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Google just crushed Tim Cook's case against Android

Tim cook androidAppleTim Cook called Android a ‘toxic hellstew of vulnerabilities.’

Last year at Apple’s WWDC developers conference, Apple CEO Tim Cook ripped Android to shreds with two slides about the level of malware on Google’s mobile operating system. He showed a pie chart indicating that 99% of mobile malware was on Android, describing Android as a “toxic hellstew of vulnerabilities.”

It got a big laugh.

More important, it cemented the idea that Apple’s iPhone, and iOS, was the safe, virus-free place for users.

Last week, Google published its comeback. The company’s “Android Security 2014 Year in Review” report shows that less than 1% of Android devices have any malware. Google scans Active Android devices with a product called “Verify Apps,” which seeks out viruses, ransomware, or other “potentially harmful applications” (PHAs).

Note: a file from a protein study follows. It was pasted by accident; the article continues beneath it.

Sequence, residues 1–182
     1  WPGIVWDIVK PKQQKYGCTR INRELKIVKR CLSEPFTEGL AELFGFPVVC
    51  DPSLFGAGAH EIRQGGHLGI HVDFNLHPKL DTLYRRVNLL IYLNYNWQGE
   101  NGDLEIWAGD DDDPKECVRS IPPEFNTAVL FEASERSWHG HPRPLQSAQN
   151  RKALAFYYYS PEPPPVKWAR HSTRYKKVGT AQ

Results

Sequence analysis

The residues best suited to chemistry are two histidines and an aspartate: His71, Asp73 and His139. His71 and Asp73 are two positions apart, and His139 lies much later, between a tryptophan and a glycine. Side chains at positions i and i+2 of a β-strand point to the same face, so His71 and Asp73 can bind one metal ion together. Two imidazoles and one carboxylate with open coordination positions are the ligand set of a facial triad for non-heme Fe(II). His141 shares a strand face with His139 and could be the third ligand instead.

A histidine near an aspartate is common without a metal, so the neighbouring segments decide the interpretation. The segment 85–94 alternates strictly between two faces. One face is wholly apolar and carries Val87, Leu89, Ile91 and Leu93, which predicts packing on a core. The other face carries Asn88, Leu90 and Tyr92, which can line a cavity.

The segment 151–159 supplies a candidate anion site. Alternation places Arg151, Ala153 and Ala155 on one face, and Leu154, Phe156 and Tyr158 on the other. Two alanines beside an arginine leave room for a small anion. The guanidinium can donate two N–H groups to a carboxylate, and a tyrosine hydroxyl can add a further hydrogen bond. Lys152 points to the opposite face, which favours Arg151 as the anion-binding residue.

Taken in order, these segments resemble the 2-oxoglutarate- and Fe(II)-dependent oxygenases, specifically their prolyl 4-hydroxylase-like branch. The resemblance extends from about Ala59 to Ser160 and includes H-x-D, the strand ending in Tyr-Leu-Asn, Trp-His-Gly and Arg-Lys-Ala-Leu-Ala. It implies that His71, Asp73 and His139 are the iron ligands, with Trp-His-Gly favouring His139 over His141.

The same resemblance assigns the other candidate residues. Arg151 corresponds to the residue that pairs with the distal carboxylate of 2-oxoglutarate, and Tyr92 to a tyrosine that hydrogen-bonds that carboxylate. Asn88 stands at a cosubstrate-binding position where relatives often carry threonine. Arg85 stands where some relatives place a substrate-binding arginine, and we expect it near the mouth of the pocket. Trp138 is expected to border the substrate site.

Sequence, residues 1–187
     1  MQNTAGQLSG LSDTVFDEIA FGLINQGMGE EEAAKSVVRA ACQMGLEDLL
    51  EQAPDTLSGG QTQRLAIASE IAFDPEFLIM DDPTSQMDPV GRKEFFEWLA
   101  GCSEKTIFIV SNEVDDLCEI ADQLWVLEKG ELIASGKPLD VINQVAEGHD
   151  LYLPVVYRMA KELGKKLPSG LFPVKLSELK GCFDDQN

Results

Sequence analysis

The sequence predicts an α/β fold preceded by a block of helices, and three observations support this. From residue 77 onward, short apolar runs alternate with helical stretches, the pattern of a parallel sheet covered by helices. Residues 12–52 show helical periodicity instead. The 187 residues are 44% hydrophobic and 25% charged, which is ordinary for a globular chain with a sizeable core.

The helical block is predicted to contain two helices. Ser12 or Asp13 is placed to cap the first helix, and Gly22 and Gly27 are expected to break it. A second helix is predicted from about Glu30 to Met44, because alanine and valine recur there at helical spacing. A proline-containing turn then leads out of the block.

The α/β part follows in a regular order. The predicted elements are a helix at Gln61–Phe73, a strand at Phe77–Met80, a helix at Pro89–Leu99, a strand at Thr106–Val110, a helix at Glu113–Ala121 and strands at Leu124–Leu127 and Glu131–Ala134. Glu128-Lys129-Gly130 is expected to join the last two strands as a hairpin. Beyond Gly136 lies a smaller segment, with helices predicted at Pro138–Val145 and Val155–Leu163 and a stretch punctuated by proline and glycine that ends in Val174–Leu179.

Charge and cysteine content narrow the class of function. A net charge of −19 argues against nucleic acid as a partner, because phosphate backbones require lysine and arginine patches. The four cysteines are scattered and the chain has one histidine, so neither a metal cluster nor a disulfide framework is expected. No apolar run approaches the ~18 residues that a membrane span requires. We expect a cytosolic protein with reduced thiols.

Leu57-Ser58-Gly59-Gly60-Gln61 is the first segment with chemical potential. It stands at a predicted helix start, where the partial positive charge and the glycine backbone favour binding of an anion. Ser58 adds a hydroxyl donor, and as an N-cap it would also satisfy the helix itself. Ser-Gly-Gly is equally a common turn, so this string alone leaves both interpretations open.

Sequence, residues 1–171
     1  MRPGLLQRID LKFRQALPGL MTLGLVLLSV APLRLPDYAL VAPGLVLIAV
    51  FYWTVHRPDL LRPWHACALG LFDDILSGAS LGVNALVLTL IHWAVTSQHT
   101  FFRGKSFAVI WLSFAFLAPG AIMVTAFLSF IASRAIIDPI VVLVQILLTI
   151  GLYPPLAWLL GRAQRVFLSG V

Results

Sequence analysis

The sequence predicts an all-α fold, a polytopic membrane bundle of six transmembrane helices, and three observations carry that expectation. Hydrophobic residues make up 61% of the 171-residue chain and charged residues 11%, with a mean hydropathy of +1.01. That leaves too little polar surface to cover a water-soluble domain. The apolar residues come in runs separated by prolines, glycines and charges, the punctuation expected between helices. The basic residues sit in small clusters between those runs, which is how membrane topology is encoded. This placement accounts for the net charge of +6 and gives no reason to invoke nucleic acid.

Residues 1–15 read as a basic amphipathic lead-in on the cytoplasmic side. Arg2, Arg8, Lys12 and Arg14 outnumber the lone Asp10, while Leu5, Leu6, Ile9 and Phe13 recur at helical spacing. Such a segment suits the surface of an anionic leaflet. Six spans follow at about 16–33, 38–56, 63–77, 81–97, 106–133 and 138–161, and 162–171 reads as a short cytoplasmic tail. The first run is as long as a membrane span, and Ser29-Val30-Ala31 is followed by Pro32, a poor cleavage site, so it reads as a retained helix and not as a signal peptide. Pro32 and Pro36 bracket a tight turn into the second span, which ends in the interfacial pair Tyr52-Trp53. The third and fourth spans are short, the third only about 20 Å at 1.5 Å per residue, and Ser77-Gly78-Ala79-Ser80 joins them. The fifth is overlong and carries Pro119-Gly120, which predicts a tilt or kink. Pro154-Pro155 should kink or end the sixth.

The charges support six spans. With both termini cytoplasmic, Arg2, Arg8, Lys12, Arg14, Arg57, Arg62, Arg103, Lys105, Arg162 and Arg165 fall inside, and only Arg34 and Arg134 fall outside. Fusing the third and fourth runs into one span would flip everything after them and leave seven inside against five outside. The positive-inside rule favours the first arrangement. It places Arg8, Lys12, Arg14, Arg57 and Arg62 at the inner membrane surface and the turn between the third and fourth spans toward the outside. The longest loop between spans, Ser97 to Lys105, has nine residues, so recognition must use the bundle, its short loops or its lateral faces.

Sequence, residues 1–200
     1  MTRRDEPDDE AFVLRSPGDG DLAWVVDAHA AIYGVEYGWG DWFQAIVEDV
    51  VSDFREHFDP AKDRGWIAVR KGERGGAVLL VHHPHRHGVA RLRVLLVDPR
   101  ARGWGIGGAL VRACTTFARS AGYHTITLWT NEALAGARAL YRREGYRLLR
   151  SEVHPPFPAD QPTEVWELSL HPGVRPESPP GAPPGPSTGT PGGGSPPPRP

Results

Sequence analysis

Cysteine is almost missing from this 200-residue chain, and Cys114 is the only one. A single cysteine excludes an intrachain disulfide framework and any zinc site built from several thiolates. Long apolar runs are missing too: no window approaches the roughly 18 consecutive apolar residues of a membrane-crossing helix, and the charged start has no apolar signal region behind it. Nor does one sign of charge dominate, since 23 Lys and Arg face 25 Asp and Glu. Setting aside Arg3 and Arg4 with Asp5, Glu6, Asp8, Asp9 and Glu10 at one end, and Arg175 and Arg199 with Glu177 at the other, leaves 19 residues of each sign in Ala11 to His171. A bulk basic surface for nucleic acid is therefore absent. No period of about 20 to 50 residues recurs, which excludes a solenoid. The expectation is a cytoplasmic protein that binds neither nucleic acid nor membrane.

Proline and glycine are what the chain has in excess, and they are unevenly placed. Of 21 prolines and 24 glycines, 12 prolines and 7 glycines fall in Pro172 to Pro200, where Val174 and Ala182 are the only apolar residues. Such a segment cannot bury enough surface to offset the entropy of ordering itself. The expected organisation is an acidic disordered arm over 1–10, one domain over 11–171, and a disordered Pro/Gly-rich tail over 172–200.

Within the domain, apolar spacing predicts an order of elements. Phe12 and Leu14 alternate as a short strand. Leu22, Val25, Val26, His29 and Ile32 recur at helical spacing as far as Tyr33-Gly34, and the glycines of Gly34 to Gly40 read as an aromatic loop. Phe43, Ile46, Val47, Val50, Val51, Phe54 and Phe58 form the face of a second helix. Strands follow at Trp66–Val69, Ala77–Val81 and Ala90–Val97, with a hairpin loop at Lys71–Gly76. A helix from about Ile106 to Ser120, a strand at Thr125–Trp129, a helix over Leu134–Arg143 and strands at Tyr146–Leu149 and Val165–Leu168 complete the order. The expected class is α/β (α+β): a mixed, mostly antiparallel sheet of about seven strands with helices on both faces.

What’s interesting about the report is that the 1% includes phones in China that download apps from sketchy off-brand app stores outside Google Play.

Inside Google Play, “fewer than 0.15% of devices that download only from Google Play had a PHA installed.”

Here is what that looks like in a chart:


Here is a similar set of data comparing infection levels for phones inside Google Play and phones that are downloading stuff from outside Google Play:


Note that the green line, which represents the vast bulk of Android users who download apps only from Google Play, is basically at zero.

Bottom line: If you’re on Android, stop worrying about malware. You will have to try really hard to get harmful apps onto your phone. The only way an Android phone is realistically going to get infected is if you are downloading stuff from non-Google Play websites. And as Google Play has the largest selection of apps on the planet — larger than Apple’s App Store — this should not be something you would need to do anyway.

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